Oakland's Creasy Rutherford County Sports Person of Year

Oakland football coach Kevin Creasy led the Patriots to the Class 6A BlueCross Bowl state championship and a perfect 15-0 record in 2020. FILE

Oakland High School's Kevin Creasy had somewhat of an inauspicious beginning to his football coaching career.

"My first coaching job was when I was at UT-Martin and did a practicum at Gleason High School, and we went 0-10," Creasy recalled. We had 19 players and went to Dresden, who was 0-9, on the last game of the season and got beat 6-0. We put all of that time and effort in it and still went 0-10."

Creasy admits his first taste of coaching at the high school level served as a "learning lesson," but it's a distant memory now.

He has won five state championships -- three at Trousdale County and two of the last three 6A titles at Oakland.

His Patriots went 15-0 this season -- the first perfect season in the program's storied history -- and mowed down everyone in their path, including whipping Brentwood 56-33 in the BlueCross Bowl state championship game.

For his efforts, Creasy has been named The Murfreesboro Post Rutherford County Sports Person of the Year.

"It's been a special year with a good group of guys -- a bunch of unselfish guys who never really cared who got the credit," Creasy said. "We've had good players and good coaches, but a lot of times the team with the best players don't win.

"We had good chemistry. They would sacrifice their own recognition for the team's recognition. I thought that was big."

Creasy, who was raised in Hoenwald, said he knew at an early age he wanted to coach.

"I grew up in Hohenwald. It's hard to get to and harder to get out," he said. "It's Lewis County and I played for coach (Bobby) Sharp there. His first year was my freshman year in 1988. Bobby ran the wing-T and that had an influence on me. He had coached under John Tucker at Milan.

"I was probably in high school when I knew I wanted to coach. When I played it was pretty much and offensive and defensive coordinator and a couple of other guys that helped out. I was really fond of my coaches. I figured it was something I could do to where I would enjoy going to work every day.

"I went to UT-Martin and worked in the athletic department and that helped pay for my school. I worked with a bunch of good coaches and worked with a lot of sports, and it kept me on path to coaching."

It's been quite a journey for Creasy.

After student teaching at Obion Central an Inman Middle in Paris, he got his first coaching job at Warren County under Glen Campbell.

"That was my first job," Creasy said. "I coached middle school ball and was an assistant for coach Campbell. I didn't know anybody, and it was good for me. It made me spend a lot of time with just football. We went 4-6 that year and ended up beating Oakland in 1997.We almost broke the playoff drought they had for years and years. By their standards we had a good year."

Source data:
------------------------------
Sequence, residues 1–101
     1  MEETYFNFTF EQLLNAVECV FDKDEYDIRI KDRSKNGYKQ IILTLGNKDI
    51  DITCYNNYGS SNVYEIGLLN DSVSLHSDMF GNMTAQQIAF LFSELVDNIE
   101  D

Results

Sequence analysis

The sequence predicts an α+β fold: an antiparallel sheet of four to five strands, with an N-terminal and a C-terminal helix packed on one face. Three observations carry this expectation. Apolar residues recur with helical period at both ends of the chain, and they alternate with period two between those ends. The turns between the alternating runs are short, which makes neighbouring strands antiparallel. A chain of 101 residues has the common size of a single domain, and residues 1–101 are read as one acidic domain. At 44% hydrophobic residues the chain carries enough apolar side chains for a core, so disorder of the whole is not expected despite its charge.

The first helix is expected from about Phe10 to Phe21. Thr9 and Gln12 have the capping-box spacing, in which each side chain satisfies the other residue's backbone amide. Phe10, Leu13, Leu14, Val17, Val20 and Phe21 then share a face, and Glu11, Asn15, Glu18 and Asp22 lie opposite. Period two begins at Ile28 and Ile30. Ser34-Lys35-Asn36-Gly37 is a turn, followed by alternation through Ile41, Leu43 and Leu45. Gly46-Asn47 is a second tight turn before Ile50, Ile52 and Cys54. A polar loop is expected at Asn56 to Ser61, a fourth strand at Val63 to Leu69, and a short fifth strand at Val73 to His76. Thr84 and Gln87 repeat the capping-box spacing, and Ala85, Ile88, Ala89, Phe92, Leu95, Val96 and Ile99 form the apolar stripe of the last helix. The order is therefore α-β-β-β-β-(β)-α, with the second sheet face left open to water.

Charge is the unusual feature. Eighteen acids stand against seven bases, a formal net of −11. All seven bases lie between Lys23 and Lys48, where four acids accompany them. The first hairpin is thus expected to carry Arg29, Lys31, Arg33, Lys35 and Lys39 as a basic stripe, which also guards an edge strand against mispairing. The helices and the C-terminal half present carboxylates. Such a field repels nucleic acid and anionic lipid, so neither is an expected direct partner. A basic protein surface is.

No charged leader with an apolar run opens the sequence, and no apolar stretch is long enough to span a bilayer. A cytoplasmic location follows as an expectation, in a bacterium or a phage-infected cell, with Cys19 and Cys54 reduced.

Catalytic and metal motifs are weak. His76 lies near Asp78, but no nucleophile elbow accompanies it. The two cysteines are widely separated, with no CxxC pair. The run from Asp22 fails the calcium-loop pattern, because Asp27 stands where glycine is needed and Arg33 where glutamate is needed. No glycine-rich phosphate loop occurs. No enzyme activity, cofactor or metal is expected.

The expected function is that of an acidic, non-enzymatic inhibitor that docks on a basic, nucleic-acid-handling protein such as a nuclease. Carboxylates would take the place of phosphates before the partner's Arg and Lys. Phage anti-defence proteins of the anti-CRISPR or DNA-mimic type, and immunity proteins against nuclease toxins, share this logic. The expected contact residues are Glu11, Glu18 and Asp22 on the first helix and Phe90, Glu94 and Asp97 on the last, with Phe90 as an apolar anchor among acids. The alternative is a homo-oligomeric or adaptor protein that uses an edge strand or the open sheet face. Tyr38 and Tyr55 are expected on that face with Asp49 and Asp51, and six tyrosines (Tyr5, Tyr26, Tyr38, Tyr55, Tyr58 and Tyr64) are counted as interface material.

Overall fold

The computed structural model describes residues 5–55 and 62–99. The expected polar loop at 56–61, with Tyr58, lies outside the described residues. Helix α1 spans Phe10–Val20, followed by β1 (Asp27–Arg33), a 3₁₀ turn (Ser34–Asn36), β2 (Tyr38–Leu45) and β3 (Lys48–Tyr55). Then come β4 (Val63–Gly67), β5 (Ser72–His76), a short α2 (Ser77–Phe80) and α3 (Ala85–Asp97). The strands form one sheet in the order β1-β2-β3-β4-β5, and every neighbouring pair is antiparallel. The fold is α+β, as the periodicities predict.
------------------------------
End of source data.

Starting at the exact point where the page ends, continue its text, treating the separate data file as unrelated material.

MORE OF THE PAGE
Creasy then left Warren County to become an assistant at Henry County under coach Donnie Webb in 1998.

"Glen gave me my first job and Donnie took me under his wing," Creasy said. "I stayed there three years and really got to learn the defensive side. Randy Wyatt took over at Bolivar Central and took me as his defensive coordinator. That was the way my career was going. I was single. I could load all of my stuff up in the trunk of my car. I was smart enough to never own anything early in my career."

Creasy's next stop ended up being an important one.

He became the defensive coordinator under coach Clint Saterfield at Trousdale County and was part of the staff that won the 2005 state championship. He was the defensive coordinator at Riverdale for one season and returned to Trousdale County as the head coach in 2008.

After seven seasons and three state titles at Trousdale County, Creasy became Oakland's next coach.

"I took coach Steven Jackson with me and now I've got several guys who have been with me," Creasy said. "That first year we projected the long-term. We wanted to win immediately, but we felt like if we stuck with the principles we could have success long-term."

"We've been fortunate. Our feeder programs are doing well. Our middle school won the county championship this year and so did our freshmen team. And our JV hasn't lost a game since I've been here, and our varsity went undefeated.

"It's not a one-man show. It takes everybody. We started by building a program, not a team. We set this thing for the long haul."

As for the long haul, the Patriots are showing no signs of slowing down. Creasy appreciates what he's been able to accomplish, but he certainly doesn't take it for granted.

"It's not easy. There is a lot of hard work and a lot of long hours that goes into our success," he said. "People may think about the talent pool and how much we've dominated this region and that it kind of comes easy.

"It doesn't. We like to pride ourselves and we feel working hard and sacrificing is why we are where we are. We've been lucky to have a core group of coaches and we've had a lot of continuity."

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